22 other persons missing
After only five days, more than 20 people are reported missing on the same route, the road of misfortune leading from Agadez to the Libyan border. They are said to be 25 passengers on board a vehicle. In the middle of nowhere, the driver of the vehicle is said to have dropped them off and never returned. In this desparate situation, 3 manage to walk until they come across a coal truck. It is thanks to this encounter that these survivors were saved and found themselves in the city of Agadez to tell the story of this sad misadventure.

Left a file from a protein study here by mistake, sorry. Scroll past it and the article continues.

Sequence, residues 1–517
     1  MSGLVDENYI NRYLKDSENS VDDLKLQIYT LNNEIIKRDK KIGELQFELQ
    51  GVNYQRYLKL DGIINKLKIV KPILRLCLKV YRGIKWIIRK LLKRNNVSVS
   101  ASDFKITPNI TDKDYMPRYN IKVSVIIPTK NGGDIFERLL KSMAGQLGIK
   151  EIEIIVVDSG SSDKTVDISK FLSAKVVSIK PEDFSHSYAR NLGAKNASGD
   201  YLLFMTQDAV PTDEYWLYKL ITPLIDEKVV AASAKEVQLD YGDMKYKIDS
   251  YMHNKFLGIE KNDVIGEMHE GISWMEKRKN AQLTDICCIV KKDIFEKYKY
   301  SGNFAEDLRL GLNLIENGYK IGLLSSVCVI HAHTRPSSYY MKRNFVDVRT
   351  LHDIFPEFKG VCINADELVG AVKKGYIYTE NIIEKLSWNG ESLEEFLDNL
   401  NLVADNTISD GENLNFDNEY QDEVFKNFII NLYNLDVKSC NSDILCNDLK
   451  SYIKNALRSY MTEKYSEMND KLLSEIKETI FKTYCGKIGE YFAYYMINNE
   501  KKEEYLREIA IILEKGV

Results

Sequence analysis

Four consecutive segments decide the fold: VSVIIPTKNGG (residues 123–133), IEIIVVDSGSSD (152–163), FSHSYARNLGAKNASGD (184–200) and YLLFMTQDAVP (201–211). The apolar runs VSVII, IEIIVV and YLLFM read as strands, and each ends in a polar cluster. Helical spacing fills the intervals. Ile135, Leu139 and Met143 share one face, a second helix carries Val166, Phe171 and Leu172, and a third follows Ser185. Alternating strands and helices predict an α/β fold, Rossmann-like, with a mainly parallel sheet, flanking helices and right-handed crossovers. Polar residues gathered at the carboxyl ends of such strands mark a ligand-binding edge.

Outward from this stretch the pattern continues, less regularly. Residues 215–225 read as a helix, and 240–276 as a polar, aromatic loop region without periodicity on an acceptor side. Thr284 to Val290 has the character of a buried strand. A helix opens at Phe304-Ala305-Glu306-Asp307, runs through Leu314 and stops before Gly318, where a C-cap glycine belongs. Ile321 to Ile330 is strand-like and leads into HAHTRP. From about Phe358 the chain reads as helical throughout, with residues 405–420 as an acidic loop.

Some would wonder why so many risks are taken. In the past, disorientation and disappearances of travellers happened less for a simple reason. All the drivers used to take the same route and travel in convoys under the escort of the defence and security forces to Dirkou. From there, those travelling to Libya passed through villages and rested at places that seemes suitable to them. Since the advent of Niger's Law 036-2015, drivers use to travel the roads alone, taking dangerous routes to avoid the many checkpoints and patrols deployed in the desert. The new wave of drivers who have taken new desert routes since the old ones have been made give up their business rely only on their GPS devices, which are also a source of trouble in case they come across bandits and other traffickers competing on the same terrain. The misadventure of 7th of February 2021 would be attributed to a driver named "Z" who would not be considered to be one of the most reliable sources. After a fortnight in the desert and in this period of freezing winter, whatever the research to be undertaken, there would be very little chance of finding these 22 people alive.